Using a Comma after an Interjection
Using a Comma after an InterjectionCommas can be used to offset interjections (e.g., "yes," "indeed," "absolutely").
Interjections are included in a sentence (usually at the start) to express a sentiment such as surprise, disgust, joy, excitement, or enthusiasm. For example:
- Yes, I've won.
- Indeed, you have.
- Well, the rain has played its part in the outcome of this match.
- Yes, she will apologize.
- Absolutely, a fifth of all the students live in the village.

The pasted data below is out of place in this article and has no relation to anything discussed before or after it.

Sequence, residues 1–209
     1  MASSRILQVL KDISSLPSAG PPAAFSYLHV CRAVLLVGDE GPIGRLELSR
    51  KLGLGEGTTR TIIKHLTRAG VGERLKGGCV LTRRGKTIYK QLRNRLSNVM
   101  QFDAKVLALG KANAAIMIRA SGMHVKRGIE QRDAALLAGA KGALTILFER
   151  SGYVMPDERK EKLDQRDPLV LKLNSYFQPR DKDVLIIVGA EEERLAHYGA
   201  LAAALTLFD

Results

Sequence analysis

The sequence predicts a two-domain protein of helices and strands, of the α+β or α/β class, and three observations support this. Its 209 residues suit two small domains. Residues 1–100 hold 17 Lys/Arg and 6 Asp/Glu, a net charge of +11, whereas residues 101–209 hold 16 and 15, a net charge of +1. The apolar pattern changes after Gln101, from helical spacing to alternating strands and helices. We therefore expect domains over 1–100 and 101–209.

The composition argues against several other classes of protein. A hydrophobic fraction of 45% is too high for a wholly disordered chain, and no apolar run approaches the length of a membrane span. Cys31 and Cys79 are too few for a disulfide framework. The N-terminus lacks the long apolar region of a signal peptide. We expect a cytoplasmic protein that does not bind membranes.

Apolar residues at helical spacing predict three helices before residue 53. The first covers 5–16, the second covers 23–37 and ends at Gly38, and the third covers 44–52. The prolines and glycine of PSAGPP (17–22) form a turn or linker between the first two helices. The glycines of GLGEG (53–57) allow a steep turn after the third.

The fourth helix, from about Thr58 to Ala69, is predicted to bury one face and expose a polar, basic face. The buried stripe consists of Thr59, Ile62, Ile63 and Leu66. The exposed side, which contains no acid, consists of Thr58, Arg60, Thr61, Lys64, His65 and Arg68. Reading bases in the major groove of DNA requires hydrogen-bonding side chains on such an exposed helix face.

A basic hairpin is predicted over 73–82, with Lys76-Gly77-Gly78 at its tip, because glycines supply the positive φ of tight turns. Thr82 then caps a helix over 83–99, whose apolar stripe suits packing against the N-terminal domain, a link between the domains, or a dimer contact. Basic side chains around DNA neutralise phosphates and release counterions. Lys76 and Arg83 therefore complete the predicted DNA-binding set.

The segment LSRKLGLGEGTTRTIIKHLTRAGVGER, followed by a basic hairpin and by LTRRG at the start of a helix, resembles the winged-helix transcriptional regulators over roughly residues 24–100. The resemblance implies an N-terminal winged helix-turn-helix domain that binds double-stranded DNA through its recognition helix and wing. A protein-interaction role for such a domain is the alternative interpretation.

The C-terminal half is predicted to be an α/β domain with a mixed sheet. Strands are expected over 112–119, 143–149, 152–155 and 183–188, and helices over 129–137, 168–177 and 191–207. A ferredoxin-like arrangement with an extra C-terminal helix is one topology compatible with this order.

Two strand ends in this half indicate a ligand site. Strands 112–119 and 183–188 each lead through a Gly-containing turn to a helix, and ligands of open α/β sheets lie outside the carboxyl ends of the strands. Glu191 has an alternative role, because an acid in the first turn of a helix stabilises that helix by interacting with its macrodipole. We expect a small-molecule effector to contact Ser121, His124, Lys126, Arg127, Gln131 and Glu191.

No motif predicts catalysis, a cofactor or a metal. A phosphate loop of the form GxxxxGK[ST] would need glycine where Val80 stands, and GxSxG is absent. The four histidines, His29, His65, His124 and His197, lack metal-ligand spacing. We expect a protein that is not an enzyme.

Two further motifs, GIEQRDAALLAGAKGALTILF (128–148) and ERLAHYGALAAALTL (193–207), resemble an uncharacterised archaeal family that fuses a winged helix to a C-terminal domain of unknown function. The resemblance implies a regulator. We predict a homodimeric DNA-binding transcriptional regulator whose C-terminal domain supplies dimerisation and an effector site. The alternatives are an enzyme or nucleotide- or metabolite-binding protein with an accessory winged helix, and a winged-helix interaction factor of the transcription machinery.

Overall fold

A Comma or an Exclamation Mark?An interjection at the start of sentence can also be followed by an exclamation mark to make it more impactful. For example:
- No! It's not yours. (The "No" is more impactful with an exclamation mark. When an interjection is followed by an exclamation mark, it is common for the sentence to be an exclamatory sentence, i.e., one that ends with an exclamation mark.)
- No! It's not yours!
- Yes! I've won!
An Interjection in the Middle of a SentenceIf an interjection appears in the middle of a sentence, offset it with two commas. If it appears at the end, offset it with one comma. For example:
- The office can handle, well, four hundred applications per day.
- It's cold, indeed.